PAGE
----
The EU Commission, which assesses new membership bids, presented its final progress report on Croatia in March, stating that the country was ready to join the union. Most EU countries already approved Croatia's EU accession before the report was released. However, by being the last country to give its approval, Germany signaled to Croatia that it should not relax in implementing its EU-mandated economic and political reforms. Even after Croatia accedes, Germany and other northern European countries continue to pressure Zagreb to implement further reforms, especially since many in Europe view expedited accession as a source of Europe's current problems.
Trends of Expansion
The largest EU expansion took place between 2004 and 2007, during which the bloc added Cyprus, Malta, the three Baltic countries and seven Eastern and Central European countries. Between 2000 and 2007, the economies of the EU 15 (later the EU 25) grew annually by an average of 2.4 percent, according to Eurostat. Every country save Malta showed positive growth the year it joined.
Now the situation is different. The European Union and the eurozone are stagnating economically. Europe's core economies, particularly France, the Netherlands and Germany, are in recession or have very low growth rates. Facing unemployment and increased migration flows, northern countries are seeing growing opposition to the free movement of labor, especially regarding Eastern Europe. The last two members to join the European Union, Romania and Bulgaria, will only profit from full free movement of labor in 2014 — they have not yet been granted access to the Schengen zone. And after Croatia joins the bloc, Croatian workers will face years of labor mobility restrictions as other Eastern and Central European countries did when they joined.
With EU accession, Croatia will profit from additional EU funds that should help its struggling economy somewhat. It also means there will be less EU funds to be shared among the other members. The fact that Croatia's main export partner, Italy, is experiencing low growth will limit the effectiveness of these funds.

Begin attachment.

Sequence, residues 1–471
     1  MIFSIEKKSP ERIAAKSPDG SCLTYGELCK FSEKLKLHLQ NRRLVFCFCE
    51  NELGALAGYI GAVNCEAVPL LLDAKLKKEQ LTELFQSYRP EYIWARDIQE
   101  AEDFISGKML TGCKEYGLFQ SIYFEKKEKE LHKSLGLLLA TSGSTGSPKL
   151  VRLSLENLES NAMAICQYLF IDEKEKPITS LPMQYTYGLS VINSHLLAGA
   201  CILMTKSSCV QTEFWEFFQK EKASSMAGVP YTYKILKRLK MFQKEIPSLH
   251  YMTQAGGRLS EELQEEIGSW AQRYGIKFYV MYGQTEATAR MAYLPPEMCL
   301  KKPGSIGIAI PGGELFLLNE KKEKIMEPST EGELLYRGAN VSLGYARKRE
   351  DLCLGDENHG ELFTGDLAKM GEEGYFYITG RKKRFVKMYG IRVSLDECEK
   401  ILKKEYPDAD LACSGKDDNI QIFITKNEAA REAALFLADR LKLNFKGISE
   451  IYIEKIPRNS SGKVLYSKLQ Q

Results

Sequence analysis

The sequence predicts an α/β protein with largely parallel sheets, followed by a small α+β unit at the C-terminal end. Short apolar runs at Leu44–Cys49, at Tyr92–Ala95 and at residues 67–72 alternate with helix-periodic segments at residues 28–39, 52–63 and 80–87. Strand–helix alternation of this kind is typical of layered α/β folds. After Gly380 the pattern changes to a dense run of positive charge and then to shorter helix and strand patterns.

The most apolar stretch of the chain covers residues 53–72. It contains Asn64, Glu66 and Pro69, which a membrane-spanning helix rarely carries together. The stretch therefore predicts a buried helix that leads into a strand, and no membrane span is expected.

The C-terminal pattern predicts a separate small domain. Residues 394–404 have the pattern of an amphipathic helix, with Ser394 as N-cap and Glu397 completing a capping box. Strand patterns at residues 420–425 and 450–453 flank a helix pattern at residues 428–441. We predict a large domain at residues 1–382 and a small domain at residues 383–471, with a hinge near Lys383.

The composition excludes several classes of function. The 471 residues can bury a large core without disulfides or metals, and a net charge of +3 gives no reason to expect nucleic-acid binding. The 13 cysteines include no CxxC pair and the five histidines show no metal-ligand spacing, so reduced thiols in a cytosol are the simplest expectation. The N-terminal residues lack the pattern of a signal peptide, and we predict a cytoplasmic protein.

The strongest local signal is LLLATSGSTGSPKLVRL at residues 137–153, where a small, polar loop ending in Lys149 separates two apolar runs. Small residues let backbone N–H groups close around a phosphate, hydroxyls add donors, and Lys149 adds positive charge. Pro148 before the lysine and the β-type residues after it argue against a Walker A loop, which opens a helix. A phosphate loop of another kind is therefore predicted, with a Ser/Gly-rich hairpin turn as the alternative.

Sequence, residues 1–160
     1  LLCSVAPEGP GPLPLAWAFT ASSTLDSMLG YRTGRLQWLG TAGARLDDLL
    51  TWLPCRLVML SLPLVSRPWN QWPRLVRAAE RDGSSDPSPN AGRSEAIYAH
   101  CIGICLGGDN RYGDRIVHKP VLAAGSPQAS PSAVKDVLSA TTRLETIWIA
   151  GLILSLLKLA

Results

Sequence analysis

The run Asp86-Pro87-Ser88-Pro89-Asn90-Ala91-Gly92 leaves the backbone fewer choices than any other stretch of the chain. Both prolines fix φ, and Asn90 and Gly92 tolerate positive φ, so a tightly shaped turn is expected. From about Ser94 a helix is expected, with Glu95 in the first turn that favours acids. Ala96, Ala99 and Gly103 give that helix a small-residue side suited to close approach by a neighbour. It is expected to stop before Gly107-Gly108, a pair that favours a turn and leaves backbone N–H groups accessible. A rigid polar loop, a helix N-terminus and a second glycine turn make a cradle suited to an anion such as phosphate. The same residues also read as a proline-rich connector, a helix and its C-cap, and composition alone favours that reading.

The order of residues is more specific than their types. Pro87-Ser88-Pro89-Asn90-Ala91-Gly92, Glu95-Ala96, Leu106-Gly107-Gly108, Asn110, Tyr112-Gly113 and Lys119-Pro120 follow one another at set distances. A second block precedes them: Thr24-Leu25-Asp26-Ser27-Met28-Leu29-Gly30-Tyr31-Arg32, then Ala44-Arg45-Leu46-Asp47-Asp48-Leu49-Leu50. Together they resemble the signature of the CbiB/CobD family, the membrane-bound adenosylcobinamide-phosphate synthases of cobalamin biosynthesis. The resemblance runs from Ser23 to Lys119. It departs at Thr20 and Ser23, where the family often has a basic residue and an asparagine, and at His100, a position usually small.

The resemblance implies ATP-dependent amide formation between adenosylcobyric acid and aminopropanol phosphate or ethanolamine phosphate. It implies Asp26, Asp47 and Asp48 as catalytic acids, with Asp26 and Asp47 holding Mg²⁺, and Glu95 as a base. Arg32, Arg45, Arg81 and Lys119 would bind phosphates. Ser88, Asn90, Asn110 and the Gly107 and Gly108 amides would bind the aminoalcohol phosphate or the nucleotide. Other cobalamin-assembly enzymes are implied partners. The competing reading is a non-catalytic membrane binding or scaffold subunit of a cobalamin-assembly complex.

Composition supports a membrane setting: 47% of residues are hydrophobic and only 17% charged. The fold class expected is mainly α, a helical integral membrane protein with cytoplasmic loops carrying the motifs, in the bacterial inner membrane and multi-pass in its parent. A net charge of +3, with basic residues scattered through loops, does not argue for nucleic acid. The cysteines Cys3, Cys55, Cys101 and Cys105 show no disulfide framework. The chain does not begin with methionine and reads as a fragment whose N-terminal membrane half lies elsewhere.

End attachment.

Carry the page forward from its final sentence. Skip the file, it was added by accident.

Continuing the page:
This could be foreboding for the country's already fragile economy. According to Eurostat data, the Croatian economy will contract in 2013 for the fifth consecutive year. In March, the unemployment rate was 18.5 percent — twice as high as in mid-2009 (youth unemployment, peaking at 51.6 percent, doubled over the same time frame).
Croatia's economic maladies seem to have tempered the joy expected to accompany EU accession. This was especially true as the country had to implement public sector reforms and push through controversial privatizations of state-owned companies.
Despite the European Union's dwindling popularity, Europe's leaders still intend to further integrate the Continent. Croatia's accession — and Latvia's bid to join the currency union — shows that poorer European countries are still trying to profit economically and enhance security through ties with Western Europe. Among these countries are Serbia, Montenegro and Macedonia, which are candidate countries, and Bosnia-Herzegovina and Kosovo, which hope to become candidate countries. Croatia's accession helped Croatia and Slovenia solve their bilateral disputes. In turn, Croatia and Serbia have also become closer, showing that to some degree the prospect of EU integration is helping former Yugoslavian nations find some common ground.
Bilateral disputes and difficult institutional reforms are slowing their respective integration efforts. But even if these countries implement reforms sufficiently, Western Europe's interest in integrating the rest of the Balkans is not as strong as it was during previous phases of EU expansion — Croatia's admittance notwithstanding. The core of Europe is simply too preoccupied with redefining the foundations of the European Union.